Jun 11, 2019
Even/Odd Films for Square
After Maryam Henderson-Uloho was convicted of obstruction of justice, she was sentenced to 25 years in a Louisiana prison. Ultimately, she served 13 years—spending more than half of that time in solitary confinement. When she was released, she felt dehumanized.
“You see, in prison, you’re broken—mentally, emotionally, and physically,” Henderson-Uloho says in the short documentary Sister Hearts. “I didn’t know what to do. I was alone. I was scared. I had no one.” An ex-felon, Henderson-Uloho was unable to open a bank account or a credit card. She couldn’t rent an apartment. Nobody would employ her. “I had to go inside myself and find something good about me,” she says. “I felt like trash … I needed help.”
On a street corner, Henderson-Uloho began selling discarded clothing items out of a suitcase. The first day, she made $40. “I just kept doing that,” she says in the film. “Three years later, I have a 15,000-square-foot thrift store and transition-housing facility for other female ex-offenders.”
Mohammad Gorjestani’s film, funded by Square, is the story of how Henderson-Uloho turned her life around and used her success as a springboard to help others. Her New Orleans thrift store, Sister Hearts, is owned and operated by formerly incarcerated women, who have the opportunity to live on the premises while they work to regain economic independence. (The similarities between Henderson-Uloho’s work and the narratives of other ex-offenders are not lost on her. “We’re both getting second chances,” she says in the film.) Henderson-Uloho also leads group-therapy sessions for female inmates, in which she helps the women rebuild their self-esteem and empowers them to create positive change.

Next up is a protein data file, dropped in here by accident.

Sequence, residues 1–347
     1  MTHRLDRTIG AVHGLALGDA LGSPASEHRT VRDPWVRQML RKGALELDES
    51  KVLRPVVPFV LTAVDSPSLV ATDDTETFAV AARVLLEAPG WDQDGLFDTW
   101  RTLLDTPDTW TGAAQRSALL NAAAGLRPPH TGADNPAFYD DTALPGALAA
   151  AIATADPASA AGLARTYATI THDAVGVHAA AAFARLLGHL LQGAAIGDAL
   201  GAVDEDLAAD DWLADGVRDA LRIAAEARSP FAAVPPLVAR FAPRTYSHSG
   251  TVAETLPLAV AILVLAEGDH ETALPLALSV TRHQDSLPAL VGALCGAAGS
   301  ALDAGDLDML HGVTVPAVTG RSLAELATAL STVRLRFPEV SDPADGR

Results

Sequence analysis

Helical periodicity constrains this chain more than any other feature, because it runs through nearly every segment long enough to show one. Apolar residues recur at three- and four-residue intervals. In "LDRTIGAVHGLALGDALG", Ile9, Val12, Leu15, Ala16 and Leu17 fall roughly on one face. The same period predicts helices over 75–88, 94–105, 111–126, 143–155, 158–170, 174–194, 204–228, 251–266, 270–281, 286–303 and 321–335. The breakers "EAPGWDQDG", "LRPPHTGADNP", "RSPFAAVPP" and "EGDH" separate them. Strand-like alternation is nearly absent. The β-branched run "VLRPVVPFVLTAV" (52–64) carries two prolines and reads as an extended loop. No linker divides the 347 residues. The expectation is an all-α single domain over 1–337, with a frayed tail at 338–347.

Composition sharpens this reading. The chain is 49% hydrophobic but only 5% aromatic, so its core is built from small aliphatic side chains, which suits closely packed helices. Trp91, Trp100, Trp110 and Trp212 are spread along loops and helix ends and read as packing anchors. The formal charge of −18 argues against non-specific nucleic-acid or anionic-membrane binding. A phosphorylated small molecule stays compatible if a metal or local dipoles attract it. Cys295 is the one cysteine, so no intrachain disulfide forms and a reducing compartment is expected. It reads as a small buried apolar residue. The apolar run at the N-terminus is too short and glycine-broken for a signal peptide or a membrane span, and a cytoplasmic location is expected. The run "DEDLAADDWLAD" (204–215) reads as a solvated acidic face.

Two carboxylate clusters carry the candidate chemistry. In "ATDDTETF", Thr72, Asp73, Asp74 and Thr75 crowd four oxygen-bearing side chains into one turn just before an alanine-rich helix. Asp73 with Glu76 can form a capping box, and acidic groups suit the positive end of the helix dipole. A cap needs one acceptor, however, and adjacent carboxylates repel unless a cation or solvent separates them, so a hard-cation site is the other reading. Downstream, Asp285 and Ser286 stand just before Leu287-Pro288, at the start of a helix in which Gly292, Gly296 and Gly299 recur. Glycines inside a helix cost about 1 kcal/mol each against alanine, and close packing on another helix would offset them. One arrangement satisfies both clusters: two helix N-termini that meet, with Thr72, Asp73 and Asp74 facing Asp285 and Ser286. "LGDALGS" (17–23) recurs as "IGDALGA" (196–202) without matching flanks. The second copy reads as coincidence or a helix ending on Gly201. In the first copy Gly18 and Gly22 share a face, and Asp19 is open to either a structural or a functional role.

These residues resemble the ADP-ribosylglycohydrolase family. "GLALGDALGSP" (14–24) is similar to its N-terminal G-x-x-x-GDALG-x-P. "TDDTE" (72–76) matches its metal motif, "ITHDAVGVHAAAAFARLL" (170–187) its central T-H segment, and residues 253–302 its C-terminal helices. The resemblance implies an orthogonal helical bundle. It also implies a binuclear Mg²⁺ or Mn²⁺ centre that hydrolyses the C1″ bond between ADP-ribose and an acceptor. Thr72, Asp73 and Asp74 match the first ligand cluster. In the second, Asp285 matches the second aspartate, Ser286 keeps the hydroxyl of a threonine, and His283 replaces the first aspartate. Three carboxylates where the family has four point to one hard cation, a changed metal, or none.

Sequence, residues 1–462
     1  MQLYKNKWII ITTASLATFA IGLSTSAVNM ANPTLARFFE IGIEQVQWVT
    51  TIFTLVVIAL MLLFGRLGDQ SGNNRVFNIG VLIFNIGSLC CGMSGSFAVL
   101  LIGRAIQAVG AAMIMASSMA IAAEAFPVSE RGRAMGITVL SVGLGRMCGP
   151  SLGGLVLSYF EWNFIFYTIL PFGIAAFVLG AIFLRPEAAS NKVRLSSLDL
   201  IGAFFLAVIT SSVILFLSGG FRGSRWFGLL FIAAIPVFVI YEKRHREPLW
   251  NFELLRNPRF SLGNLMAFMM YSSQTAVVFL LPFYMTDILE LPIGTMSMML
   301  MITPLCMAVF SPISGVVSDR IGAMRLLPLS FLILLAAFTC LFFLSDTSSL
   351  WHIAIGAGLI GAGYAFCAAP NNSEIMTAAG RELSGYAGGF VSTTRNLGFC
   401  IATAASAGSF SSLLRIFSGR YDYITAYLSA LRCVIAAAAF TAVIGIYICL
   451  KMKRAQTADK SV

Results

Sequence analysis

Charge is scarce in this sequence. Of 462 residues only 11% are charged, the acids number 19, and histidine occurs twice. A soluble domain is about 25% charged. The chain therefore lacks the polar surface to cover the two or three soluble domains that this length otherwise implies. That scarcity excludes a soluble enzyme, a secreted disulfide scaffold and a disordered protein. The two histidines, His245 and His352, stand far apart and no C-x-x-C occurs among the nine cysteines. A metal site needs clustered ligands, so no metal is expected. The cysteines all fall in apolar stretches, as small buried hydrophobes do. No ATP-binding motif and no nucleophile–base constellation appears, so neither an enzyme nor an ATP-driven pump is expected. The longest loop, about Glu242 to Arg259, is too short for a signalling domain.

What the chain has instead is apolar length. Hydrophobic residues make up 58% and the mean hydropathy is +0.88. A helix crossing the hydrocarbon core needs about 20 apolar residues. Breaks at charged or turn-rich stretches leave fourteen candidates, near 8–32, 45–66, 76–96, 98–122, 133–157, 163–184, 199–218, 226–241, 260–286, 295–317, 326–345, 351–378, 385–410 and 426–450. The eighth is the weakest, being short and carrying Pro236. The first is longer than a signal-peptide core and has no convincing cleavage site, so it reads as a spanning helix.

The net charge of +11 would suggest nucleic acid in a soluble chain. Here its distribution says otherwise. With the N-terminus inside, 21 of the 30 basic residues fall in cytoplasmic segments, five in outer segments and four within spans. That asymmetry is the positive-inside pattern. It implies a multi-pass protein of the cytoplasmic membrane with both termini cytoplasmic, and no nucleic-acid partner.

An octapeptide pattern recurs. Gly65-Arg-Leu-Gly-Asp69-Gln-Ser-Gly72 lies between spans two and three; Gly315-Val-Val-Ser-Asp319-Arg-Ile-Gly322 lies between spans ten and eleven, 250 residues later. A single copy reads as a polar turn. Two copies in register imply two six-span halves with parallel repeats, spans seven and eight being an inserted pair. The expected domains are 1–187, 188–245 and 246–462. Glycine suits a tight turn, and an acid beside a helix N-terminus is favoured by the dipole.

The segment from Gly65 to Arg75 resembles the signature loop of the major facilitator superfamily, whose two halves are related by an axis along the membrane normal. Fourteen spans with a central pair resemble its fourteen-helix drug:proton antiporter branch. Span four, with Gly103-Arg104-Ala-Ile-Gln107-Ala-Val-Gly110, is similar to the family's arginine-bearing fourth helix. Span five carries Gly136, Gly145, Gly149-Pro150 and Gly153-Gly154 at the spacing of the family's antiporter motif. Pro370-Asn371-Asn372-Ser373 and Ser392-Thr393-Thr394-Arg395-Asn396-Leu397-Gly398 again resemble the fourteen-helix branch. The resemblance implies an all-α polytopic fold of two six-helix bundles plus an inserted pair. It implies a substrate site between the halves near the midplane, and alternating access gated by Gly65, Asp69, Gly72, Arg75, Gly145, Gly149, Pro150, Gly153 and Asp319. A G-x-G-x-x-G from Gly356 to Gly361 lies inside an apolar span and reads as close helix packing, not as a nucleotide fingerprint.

In the film, Henderson-Uloho describes how many ex-offenders adapt well to entrepreneurial work. “We know how to come up from the trenches,” she says. “We know how to make something out of nothing. We know how to take a dime and make it a dollar.”
Gorjestani told me that hearing Henderson-Uloho speak about her work was inspiring, but that witnessing the impact of her work was a truly profound experience. “She’s a true advocate for them,” he said. “In the prison, we watched Maryam sit down in front of a group of disinterested women with their arms folded, and within an hour she had transformed the room, giving them all a newfound hope and a sense of a bond based on their shared struggle. By the end, she had these women hugging in a circle and smiling. It was one of the most moving experiences I have been a part of.”
“I want all ex-offenders to know they matter,” Henderson-Uloho says. “I want them to know that just because they’ve committed a crime, they’re no less of a human being.”
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Author: Emily Buder
About This Series
A showcase of cinematic short documentary films, curated by The Atlantic.